Call them naive, but many near-cooks have come to think they're "cooking" by heating frozen dinners, picking apart rotisserie chicken or assembling components in shelf-stable "kits." These cooking kits, sort of a paint-by-number experience for expensive but fast meals, were the darlings of last month's Fancy Food Show in San Francisco. The "cook" opens several packages, combines and heats them, with no say about the seasoning, the amount of salt or any of the ingredients therein.
Also coming to the aid of reluctant cooks are bagged, fully cooked microwavable grains, such as quinoa. The manufacturer prepared the pricey grains no differently than you would from scratch at home by boiling water. The only difference is you paid extra for the packaging and the consultant who wrote the reheating directions.
Non-cooks appear normal, but they go through life a bit like someone who can't read. They cover it up. For a potluck, they bring the paper plates. Or they stop at a store and pick up hummus, which is why at any given potluck you can tell how many lousy or lazy cooks are there by how much the table heaves with hummus.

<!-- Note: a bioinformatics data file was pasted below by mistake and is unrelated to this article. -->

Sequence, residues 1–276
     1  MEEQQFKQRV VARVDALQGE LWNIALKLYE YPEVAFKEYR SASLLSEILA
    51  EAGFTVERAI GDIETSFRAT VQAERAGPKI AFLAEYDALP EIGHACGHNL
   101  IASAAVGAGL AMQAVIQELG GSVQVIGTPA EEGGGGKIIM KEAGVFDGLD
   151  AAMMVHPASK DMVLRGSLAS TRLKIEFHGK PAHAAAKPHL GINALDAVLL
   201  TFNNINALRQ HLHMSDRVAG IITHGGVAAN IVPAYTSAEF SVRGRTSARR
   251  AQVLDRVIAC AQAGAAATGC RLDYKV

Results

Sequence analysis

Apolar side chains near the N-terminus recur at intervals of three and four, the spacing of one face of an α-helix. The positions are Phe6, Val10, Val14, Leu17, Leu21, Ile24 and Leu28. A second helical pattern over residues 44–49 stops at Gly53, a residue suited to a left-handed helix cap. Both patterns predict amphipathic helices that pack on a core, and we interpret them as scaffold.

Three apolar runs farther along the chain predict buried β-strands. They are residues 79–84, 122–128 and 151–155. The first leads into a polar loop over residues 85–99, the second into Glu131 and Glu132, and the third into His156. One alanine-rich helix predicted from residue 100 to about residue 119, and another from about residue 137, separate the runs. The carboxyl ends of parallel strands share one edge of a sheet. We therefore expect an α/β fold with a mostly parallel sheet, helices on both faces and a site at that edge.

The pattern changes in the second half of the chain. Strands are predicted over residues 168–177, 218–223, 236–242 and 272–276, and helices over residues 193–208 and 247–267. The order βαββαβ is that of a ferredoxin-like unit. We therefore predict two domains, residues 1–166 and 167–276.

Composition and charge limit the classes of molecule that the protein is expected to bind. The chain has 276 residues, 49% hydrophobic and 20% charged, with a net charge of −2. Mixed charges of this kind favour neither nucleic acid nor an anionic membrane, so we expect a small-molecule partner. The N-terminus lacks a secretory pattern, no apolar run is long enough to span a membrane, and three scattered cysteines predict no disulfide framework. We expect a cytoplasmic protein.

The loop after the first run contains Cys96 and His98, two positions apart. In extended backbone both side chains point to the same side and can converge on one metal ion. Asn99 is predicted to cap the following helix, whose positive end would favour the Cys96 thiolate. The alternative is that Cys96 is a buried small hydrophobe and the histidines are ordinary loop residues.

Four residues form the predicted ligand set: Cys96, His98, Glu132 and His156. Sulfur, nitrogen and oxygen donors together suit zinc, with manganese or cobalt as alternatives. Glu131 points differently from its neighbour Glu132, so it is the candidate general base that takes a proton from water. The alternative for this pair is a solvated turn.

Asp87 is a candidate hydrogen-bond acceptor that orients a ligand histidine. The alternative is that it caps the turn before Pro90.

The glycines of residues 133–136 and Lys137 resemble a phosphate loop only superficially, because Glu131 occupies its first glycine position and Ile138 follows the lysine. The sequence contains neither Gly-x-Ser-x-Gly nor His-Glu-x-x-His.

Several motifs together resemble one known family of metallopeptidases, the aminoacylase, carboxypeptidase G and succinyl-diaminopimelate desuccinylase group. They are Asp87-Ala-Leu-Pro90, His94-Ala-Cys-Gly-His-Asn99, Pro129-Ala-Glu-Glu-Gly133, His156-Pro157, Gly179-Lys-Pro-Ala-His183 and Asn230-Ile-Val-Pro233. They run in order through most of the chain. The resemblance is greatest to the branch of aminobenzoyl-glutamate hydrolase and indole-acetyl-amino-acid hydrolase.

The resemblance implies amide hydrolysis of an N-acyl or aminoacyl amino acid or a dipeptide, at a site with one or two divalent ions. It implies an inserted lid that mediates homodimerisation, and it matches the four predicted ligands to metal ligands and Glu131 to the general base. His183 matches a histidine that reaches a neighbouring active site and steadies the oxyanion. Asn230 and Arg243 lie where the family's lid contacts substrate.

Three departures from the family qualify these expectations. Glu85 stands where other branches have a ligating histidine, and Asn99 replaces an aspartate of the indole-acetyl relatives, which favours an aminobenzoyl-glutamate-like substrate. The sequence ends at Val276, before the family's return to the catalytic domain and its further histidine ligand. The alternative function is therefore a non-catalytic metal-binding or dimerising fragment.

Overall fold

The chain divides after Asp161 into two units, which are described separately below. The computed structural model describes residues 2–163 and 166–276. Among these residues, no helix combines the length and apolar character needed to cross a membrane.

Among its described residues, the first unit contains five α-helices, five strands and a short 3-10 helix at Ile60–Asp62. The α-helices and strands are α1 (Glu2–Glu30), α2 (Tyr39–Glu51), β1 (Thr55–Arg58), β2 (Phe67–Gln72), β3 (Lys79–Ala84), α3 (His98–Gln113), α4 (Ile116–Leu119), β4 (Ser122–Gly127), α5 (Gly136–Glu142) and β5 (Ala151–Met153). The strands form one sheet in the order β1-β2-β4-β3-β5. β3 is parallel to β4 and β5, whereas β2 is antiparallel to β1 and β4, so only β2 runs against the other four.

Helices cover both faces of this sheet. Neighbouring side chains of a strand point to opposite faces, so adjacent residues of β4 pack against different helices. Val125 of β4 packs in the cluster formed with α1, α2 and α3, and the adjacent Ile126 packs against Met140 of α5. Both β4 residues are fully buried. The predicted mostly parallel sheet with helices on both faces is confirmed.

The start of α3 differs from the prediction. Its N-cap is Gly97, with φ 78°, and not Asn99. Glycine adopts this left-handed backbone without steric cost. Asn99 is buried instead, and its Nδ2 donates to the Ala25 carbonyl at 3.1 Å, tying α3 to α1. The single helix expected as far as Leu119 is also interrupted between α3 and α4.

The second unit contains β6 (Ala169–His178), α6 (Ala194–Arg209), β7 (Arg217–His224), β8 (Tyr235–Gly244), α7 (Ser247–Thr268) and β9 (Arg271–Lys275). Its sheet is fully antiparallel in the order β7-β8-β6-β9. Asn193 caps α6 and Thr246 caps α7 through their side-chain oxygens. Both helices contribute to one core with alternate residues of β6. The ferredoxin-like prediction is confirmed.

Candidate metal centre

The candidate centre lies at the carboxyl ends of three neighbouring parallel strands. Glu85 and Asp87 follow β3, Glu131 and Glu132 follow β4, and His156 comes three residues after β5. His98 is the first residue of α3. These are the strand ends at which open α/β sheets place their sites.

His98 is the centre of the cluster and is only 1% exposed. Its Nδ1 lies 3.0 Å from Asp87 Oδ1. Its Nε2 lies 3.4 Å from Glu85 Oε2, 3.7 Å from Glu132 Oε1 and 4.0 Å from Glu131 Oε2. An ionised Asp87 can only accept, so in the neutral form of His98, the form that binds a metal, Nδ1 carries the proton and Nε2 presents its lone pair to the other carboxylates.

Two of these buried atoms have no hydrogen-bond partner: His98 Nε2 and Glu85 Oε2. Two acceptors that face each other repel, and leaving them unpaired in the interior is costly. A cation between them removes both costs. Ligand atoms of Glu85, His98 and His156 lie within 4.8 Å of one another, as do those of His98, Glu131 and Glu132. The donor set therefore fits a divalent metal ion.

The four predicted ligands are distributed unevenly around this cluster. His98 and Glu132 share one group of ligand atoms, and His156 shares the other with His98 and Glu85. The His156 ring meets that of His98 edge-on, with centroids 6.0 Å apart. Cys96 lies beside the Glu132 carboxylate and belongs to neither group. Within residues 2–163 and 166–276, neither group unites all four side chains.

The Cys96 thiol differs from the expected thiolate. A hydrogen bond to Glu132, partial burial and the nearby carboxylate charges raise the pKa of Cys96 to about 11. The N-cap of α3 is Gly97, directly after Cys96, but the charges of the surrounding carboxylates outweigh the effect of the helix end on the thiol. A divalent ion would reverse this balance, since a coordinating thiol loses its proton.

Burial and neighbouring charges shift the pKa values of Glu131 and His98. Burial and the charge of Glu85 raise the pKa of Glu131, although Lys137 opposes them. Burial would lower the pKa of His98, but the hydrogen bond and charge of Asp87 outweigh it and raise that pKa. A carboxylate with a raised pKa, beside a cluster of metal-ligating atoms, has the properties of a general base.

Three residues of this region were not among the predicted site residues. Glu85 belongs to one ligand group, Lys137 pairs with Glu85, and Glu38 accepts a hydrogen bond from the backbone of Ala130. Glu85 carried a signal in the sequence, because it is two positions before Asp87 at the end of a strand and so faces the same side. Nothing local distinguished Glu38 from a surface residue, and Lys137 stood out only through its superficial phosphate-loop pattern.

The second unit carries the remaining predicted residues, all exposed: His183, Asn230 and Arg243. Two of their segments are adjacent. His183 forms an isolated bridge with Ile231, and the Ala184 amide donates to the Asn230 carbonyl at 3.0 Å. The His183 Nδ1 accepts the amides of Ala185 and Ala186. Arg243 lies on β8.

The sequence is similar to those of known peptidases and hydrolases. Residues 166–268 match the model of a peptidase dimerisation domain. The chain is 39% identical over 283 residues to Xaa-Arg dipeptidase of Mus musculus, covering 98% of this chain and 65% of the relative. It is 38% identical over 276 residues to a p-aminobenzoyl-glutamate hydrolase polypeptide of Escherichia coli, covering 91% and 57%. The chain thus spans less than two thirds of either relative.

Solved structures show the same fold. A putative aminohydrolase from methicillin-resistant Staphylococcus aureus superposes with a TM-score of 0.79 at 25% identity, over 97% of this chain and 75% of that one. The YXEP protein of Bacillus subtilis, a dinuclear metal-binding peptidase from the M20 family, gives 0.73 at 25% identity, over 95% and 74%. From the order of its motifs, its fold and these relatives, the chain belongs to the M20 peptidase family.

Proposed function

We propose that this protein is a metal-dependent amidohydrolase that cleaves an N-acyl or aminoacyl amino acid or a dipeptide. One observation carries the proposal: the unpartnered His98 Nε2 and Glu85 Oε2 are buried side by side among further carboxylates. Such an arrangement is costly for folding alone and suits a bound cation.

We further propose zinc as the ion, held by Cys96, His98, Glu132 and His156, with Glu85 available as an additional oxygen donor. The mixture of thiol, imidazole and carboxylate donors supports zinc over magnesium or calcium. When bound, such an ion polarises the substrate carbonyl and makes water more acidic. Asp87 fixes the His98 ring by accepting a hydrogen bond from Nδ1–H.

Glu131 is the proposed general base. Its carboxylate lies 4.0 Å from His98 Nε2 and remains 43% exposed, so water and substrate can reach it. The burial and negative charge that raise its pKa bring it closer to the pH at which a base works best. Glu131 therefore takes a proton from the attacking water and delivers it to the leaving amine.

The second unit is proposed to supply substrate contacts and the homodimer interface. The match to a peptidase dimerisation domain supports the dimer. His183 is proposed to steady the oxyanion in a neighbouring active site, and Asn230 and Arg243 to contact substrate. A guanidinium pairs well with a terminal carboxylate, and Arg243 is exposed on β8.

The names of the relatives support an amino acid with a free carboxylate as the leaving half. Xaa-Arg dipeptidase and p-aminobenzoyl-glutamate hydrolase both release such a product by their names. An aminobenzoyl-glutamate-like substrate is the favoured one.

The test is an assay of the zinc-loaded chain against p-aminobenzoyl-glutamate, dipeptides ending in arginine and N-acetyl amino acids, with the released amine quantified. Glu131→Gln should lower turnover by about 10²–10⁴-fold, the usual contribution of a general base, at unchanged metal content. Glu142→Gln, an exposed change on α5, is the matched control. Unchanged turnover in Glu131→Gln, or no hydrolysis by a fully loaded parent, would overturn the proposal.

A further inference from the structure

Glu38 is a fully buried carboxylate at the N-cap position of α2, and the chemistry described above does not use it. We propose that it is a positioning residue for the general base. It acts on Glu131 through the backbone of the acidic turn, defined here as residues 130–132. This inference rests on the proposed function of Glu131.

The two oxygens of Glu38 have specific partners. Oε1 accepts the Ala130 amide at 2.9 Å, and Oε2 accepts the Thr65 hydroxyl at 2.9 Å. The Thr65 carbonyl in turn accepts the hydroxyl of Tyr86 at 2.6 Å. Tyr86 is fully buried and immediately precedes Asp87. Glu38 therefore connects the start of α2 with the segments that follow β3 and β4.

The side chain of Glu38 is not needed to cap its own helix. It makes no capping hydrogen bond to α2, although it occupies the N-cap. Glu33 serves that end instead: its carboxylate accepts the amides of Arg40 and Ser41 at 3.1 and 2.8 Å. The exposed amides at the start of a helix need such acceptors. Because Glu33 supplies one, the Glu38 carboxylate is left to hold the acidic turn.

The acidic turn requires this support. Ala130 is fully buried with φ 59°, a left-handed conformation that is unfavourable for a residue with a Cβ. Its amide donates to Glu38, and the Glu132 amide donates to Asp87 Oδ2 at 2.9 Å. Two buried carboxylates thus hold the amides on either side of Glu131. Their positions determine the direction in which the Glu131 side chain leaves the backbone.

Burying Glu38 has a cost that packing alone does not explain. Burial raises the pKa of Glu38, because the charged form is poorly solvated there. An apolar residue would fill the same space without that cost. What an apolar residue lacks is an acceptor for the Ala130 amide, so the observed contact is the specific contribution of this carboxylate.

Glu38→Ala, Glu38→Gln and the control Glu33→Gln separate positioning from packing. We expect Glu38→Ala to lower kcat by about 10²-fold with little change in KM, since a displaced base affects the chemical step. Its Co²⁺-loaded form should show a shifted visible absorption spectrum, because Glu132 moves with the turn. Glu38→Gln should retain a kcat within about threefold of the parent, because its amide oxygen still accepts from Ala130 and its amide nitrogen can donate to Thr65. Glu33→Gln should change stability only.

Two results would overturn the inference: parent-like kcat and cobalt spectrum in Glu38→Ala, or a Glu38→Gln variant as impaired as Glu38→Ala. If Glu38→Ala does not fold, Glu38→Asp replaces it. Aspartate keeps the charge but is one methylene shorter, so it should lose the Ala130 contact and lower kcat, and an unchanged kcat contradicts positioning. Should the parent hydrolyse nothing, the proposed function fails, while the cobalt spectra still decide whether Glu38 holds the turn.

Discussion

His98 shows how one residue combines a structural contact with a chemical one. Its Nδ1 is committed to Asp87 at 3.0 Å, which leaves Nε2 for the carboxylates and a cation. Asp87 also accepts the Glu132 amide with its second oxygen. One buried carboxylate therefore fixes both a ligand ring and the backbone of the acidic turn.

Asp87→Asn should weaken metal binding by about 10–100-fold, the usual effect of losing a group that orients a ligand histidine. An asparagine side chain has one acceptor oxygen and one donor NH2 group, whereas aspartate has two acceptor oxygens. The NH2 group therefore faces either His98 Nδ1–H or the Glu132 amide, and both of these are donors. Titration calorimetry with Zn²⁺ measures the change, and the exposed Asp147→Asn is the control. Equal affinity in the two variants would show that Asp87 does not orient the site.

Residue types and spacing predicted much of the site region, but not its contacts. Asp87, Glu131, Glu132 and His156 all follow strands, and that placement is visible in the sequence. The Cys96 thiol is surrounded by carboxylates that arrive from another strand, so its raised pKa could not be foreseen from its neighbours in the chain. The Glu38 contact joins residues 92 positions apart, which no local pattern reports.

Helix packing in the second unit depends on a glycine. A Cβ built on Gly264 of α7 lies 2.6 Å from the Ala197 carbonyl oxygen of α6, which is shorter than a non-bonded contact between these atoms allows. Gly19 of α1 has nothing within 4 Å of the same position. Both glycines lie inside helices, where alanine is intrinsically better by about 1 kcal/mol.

While teaching beginners, I began every class with group therapy. "Why are you here? Why can't you cook?" The predominant answers are:
I've had too many disasters to look forward to cooking.
The stove might as well be a nuclear reactor.
I was a feminist and wasn't about to enter that room of oppression and servitude, but now that I'm 50 I need to cook and eat healthier.
My friend Elinor Brecher in Miami is a successful journalist whom I've diagnosed with Cooking Deficit Disorder. Her oven is the breadbox. The refrigerator is a repository for batteries and nail polish and hummus. "A recipe that's got more than five ingredients and three steps is like reading an operating manual for an aircraft carrier," she says.
Alanna Nash, an author in Louisville, Ky., was shooed out of the kitchen by both parents. Territorial ownership of the kitchen is not uncommon, particularly by mothers who cleave to the only place in the house where they have power. In an irony, Alanna eventually had to arrange for nutritious meals for her ailing mother. When she enrolled in what was titled a beginner cooking class, the instructor pulled out an apple and began carving it into a bird. Her meager cooking skills depress her. "It means I have not fully matured as a human being," she laments.